Last weekend, I took my first trip to the Newseum in Washington, DC.  The Newseum is a museum dedicated to the first amendment and journalism of all kinds; print, video, satire, etc.  One thing that struck me that I wasn’t expecting, and the reason I wanted to write this post, is the emphasis placed on photojournalism and great photography.  Occasionally I like to step out from behind the camera and seek out ideas and inspiration.  If you feel the same way let me point out three reasons why you should visit the Newseum.

Pictures of the Year: You start your tour on the concourse level of the Newseum.  One of the first things you see is a display of 71 outstanding pictures.  They are displayed in categories showing military photography, natural disasters, sports, wildlife, and celebrities.  There is a great picture of Steve Jobs, of people in Pakistan rushing a helicopter that’s bringing in food and medicine, of the Icelandic volcano erupting, and more.  I’m not sure where these photos are ordinarily displayed, but I don’t think I’d seen a single one before.  This was the highlight of the tour for me.  This display only runs through October 31, 2011 so get there soon.

Power of the Image Documentary: Once you finish on the Concourse level you take an elevator to the sixth floor and start working your way down.  On the fifth floor there are a series of nooks with seating for twenty or so people that play different documentaries.  In one of these alcoves I found a 7-minute documentary about the history of photojournalism and it’s impact on the news industry.  You get to see some iconic images (e.g., the Hindenburg explosion), see the story behind them, and hear how they changed the nature of journalism.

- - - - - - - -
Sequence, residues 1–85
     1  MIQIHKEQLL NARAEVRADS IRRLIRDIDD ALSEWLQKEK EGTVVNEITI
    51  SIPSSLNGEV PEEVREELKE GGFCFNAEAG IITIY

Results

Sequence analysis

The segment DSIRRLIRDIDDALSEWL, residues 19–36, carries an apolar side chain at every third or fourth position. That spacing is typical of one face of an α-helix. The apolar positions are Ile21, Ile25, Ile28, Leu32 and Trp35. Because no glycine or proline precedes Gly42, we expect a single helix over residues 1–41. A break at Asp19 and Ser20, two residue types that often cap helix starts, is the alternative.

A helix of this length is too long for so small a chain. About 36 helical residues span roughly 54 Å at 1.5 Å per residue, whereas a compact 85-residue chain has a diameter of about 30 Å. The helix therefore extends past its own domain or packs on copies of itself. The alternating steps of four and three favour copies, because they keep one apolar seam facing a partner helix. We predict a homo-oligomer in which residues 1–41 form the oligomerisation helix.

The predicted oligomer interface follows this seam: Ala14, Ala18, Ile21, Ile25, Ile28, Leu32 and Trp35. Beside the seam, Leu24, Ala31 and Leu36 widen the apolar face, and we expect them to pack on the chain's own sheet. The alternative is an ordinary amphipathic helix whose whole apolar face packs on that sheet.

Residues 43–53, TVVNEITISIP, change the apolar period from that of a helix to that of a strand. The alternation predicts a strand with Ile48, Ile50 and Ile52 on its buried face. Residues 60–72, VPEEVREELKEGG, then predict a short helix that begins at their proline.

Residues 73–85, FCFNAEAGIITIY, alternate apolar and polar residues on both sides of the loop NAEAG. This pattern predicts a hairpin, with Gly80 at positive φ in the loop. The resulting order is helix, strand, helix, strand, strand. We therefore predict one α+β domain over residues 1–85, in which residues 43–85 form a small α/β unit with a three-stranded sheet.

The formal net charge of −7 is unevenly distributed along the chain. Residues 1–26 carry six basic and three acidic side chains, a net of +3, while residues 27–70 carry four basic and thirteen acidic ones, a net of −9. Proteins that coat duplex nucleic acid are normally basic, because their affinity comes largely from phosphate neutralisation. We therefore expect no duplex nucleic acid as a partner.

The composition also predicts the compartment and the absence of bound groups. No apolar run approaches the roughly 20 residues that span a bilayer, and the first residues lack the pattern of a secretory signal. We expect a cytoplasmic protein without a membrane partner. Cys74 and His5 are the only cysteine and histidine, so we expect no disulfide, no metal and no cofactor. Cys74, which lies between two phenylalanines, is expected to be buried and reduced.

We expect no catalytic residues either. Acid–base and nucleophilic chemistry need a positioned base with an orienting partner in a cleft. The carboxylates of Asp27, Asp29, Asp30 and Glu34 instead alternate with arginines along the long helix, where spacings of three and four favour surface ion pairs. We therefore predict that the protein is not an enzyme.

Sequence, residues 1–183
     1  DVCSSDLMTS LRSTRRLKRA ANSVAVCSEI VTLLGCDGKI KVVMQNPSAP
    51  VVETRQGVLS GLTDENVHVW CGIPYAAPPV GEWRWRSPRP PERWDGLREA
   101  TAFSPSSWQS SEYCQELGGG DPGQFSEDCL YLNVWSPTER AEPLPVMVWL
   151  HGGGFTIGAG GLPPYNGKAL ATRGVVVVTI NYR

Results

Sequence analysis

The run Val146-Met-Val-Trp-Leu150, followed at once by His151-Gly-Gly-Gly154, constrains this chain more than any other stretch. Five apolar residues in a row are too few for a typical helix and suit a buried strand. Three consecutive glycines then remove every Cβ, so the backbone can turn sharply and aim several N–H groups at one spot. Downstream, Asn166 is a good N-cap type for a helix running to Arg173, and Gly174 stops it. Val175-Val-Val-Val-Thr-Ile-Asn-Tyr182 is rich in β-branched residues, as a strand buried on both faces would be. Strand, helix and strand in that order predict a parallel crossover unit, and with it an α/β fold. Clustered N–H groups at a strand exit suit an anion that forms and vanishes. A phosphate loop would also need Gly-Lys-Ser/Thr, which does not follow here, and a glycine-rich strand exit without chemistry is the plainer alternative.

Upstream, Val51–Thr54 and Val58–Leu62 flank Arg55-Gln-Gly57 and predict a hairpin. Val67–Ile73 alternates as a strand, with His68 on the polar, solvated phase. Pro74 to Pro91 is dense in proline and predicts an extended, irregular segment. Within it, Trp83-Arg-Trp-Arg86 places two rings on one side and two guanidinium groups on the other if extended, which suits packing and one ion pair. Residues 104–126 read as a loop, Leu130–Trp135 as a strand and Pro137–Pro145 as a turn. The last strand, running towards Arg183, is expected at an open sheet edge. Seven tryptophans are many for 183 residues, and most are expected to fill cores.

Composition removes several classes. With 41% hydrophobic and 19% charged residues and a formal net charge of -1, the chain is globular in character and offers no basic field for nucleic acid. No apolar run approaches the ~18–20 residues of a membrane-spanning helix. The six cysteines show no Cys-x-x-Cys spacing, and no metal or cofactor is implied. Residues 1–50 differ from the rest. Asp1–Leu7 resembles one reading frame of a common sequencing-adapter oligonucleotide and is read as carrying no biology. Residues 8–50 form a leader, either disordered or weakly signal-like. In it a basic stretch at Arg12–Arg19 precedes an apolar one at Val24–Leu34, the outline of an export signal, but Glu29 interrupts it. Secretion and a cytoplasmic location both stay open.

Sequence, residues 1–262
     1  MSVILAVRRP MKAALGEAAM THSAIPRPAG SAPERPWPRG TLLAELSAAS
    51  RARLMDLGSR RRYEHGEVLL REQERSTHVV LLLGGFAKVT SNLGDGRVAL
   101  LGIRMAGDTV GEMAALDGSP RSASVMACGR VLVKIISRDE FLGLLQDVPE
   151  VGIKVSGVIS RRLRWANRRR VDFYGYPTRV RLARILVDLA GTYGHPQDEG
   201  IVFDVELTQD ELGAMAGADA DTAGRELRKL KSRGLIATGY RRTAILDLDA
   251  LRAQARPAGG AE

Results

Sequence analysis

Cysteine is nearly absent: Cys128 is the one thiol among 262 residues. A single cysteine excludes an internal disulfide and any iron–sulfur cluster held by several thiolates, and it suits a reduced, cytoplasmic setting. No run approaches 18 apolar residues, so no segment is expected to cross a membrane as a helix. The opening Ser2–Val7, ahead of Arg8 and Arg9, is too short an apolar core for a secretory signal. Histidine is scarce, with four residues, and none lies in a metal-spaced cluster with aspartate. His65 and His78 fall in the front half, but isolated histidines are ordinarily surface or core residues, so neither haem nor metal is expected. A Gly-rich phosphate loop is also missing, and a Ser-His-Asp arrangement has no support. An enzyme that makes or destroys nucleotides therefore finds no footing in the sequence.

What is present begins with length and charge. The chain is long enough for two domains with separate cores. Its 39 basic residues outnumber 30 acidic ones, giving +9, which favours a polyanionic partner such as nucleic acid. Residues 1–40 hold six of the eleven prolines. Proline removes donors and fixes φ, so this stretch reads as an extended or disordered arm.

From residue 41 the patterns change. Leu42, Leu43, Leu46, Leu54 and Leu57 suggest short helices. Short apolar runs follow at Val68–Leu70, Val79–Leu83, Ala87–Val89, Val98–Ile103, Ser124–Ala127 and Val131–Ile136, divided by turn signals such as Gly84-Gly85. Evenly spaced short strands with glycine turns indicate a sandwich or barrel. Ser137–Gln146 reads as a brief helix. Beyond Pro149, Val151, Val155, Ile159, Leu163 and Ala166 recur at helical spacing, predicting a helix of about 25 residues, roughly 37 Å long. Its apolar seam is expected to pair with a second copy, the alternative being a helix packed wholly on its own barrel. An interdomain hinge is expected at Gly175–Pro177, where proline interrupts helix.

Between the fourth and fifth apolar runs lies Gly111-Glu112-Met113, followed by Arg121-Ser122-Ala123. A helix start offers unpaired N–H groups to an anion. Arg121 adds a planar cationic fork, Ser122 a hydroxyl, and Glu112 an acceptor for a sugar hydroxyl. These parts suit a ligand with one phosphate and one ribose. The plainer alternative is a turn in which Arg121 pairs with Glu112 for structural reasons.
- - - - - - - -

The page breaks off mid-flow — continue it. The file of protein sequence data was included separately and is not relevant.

Pulitzer Prize Winning Photographs: Once you work your way back down to the first floor make sure you stop in and view the Pulitzer Prize Gallery.  In addition to outstanding photos such as that iconic image of Marines raising the flag on Iwo Jima and an aerial photograph of the Murrah Federal Building in Oklahoma City, there is a 20-minute documentary with interviews of the photographers where they explain what was going through their mind as they took the pictures that would make them famous.  Since a lot of the images we consider Pulitzer Prize-worthy come out of awful situations such as famine and war it is heart wrenching to hear the photographers talk about how they are still haunted by the experience.  It is still very inspirational.

Those were the photographic highlights of the trip.  There are, of course, many other reasons to visit the Newseum including one of the largest displayed sections of the Berlin Wall, a piece of the World Trade Center recovered after 9/11, and countless displays showing classic news reports and paper clippings.  There is also a lot for kids including interactive displays and a make-your-own news report area.  That said, you should be aware that the Newseum is not part of the federal (i.e., Smithsonian) museum system so you’ll definitely feel the impact on your travel budget.  It costs $22 for adults.  I spent about 3 hours in the Newseum and felt like I got my money’s worth.

If you go, I would love to hear your impression of it.  Please leave comments below.  I plan on writing more of these sorts of articles so your feedback is always appreciated.  My next trip will be to a photographic discussion at National Geographic HQ here in DC.

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